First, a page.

Ron was asked by Deputy Speaker Steve McDanel (R) Parkers Crossroads, if he supported horse slaughter to which Ron answered no. Farm Bureau Insurance Company is for horse slaughter in Tennessee – won’t that make for a great economic and community development tool for recruiting new business to Tennessee. Come to Tennessee, home of horse slaughter.

Third, was Mary Hord, cattle producer and equine rescue – also a Farm Bureau member. She advocated for increased penalties and was quite emphatic that she was ashamed to be a Farm Bureau member and that they did not speak for her as they claimed to speak for all 650,000 members of Farm Bureau Insurance Company.

Our bill was deferred to Tuesday, March 23rd, at 9:00 a.m. I expect there to be some discussion this week since the cameras probably will not be present again. Please join me if you can make it, if not, please make calls again to members of the Ag Committee.

I have been invited to appear on Morning Line – Channel 5+ on Monday morning, March 22nd, from 8-9 a.m. along with someone from Farm Bureau Insurance Company. Please call in if you can at 737-7587. As they stacked the committee room last week, we probably can expect those opposed to increasing penalties to monopolize the phone lines on Monday.

I will leave you with this thought – it is a felony to sell glue for unlawful purpose, it is a felony to write worthless checks ($501-$999) and it is a felony to file a false or fraudulent insurance claim, however, it is a misdemeanor to commit aggravated animal cruelty which includes starving livestock or dragging a horse to its death.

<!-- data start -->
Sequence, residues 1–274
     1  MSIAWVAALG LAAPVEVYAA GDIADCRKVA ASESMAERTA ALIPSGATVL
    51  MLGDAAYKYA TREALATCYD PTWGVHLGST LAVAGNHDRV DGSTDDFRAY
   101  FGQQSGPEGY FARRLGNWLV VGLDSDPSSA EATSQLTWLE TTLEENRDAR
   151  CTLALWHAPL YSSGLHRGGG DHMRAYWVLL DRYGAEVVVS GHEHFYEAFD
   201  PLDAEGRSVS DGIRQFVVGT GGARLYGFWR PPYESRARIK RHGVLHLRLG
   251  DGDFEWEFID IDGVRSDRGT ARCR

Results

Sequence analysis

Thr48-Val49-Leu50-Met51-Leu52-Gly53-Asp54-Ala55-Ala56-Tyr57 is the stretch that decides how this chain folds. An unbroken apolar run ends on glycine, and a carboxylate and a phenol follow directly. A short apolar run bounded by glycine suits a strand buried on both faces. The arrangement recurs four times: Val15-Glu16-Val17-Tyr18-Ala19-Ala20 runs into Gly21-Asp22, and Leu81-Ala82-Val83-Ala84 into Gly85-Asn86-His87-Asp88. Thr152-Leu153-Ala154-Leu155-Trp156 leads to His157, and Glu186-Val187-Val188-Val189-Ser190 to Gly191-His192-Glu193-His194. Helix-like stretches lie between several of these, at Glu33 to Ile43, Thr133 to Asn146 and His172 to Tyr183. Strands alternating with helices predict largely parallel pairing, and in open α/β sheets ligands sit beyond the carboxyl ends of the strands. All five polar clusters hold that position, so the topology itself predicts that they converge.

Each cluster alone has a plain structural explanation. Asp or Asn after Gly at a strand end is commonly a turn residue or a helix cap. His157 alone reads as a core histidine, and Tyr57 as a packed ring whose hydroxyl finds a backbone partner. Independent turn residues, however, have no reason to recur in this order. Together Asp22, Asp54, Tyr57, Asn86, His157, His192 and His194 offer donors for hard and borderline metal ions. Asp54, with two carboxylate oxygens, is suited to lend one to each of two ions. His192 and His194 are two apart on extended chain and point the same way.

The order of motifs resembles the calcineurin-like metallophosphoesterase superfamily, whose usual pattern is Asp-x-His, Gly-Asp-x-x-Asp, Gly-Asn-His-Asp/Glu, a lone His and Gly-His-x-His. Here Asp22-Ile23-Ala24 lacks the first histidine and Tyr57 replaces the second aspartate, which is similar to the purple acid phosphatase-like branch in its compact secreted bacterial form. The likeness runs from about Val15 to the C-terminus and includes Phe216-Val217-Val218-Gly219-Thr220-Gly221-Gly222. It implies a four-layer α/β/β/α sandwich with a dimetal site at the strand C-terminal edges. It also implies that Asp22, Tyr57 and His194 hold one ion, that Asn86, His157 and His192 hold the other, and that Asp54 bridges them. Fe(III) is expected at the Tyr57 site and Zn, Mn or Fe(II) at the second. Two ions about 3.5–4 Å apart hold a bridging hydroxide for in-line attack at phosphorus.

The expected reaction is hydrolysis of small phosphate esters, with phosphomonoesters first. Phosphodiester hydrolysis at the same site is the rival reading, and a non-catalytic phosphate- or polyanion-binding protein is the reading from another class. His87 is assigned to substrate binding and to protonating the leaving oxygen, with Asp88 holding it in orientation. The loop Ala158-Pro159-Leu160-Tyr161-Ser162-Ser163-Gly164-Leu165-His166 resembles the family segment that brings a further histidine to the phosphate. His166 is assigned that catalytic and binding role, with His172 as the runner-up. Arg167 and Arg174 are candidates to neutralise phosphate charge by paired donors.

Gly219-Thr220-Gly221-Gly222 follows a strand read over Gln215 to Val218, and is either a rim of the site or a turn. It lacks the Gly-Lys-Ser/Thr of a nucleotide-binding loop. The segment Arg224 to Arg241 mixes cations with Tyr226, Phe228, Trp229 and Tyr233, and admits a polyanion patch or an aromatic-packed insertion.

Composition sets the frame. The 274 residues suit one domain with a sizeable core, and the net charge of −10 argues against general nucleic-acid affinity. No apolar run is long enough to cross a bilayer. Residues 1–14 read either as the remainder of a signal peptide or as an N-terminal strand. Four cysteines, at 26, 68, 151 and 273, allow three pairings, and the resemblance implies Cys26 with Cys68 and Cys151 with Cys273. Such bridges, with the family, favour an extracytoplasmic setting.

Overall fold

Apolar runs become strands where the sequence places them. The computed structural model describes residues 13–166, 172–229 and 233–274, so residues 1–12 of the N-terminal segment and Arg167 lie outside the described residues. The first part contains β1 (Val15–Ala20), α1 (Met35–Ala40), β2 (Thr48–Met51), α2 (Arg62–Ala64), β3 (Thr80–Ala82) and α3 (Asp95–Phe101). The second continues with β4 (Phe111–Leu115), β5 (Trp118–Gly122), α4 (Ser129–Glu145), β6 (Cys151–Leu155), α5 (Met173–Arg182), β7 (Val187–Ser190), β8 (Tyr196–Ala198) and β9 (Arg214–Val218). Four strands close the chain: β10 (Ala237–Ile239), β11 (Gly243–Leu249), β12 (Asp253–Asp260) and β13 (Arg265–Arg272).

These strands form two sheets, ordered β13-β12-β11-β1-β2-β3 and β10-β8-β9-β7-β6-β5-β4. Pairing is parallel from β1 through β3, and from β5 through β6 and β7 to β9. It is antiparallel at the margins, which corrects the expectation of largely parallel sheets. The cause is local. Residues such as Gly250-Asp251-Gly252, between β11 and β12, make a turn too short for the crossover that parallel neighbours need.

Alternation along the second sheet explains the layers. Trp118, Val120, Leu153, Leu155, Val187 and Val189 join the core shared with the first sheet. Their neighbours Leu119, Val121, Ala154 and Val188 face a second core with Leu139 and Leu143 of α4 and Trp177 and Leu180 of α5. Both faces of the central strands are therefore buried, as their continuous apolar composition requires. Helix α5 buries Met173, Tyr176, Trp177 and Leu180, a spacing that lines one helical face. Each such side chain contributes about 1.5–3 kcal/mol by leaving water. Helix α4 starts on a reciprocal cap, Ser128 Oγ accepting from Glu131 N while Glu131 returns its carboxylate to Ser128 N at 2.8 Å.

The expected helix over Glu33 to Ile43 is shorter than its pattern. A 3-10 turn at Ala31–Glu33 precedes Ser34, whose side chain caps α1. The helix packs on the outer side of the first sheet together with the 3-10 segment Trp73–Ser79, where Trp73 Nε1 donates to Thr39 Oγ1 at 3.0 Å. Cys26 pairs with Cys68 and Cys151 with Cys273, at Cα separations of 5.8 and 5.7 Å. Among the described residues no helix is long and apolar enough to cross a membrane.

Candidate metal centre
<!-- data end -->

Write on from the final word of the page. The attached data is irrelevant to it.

Again, thanks for your continued support.

The members of the House Agriculture Committee are:

Committee Officers
Stratton Bone, Chair (615) 741-7086 rep.stratton.bone@capitol.tn.gov
Dale Ford, V. Chair (615) 741-1717
rep.dale.ford@capitol.tn.gov
Willie Butch Borchert, Sect’y (615) 741-6804
Rep.willie.borchert@capitol.tn.gov
Members:
Eddie Bass (615) 741- 1864
rep.eddie.bass@capitol.tn.gov
Chad Faulkner (615) 741-3335
rep.chad.faulkner@capitol.tn.gov
Curtis Halford (615) 741-7478
rep.curtis.halford@capitol.tn.gov
John Litz (615) 741- 6877
rep.john.litz@capitol.tn.gov
Steve McDaniel (615) 741-0750
rep.steve.mcdaniel@capitol.tn.gov
Frank Niceley (615) 741-4419
rep.frank.niceley@capitol.tn.gov
Johnny Shaw (615) 741-4538
rep.johnny.shaw@capitol.tn.gov